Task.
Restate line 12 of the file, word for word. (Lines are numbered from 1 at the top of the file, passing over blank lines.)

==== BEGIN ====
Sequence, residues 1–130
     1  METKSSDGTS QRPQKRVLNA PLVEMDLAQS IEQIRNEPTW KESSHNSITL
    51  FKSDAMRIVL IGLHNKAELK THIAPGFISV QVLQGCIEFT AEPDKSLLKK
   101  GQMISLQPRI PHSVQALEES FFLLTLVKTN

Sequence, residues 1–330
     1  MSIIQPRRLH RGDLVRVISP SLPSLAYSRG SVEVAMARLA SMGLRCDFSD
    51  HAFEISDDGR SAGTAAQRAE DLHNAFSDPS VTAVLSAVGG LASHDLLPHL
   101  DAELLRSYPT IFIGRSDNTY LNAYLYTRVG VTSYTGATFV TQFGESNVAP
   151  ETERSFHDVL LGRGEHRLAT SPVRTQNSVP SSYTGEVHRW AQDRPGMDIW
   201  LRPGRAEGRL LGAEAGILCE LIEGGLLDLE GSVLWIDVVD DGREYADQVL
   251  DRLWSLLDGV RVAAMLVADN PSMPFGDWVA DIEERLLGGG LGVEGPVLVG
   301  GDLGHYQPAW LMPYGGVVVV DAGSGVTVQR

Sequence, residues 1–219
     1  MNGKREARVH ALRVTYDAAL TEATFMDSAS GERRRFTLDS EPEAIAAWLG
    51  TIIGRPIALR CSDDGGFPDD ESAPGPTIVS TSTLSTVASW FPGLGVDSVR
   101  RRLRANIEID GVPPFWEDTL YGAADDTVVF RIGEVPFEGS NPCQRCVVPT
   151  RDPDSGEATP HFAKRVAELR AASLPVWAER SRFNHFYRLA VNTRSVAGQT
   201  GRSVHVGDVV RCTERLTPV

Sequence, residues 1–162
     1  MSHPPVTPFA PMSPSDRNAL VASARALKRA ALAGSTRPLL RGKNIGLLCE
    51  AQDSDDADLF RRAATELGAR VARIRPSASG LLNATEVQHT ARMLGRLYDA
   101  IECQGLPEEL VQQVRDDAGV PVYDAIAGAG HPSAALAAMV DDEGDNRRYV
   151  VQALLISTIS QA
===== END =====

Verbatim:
   301  GDLGHYQPAW LMPYGGVVVV DAGSGVTVQR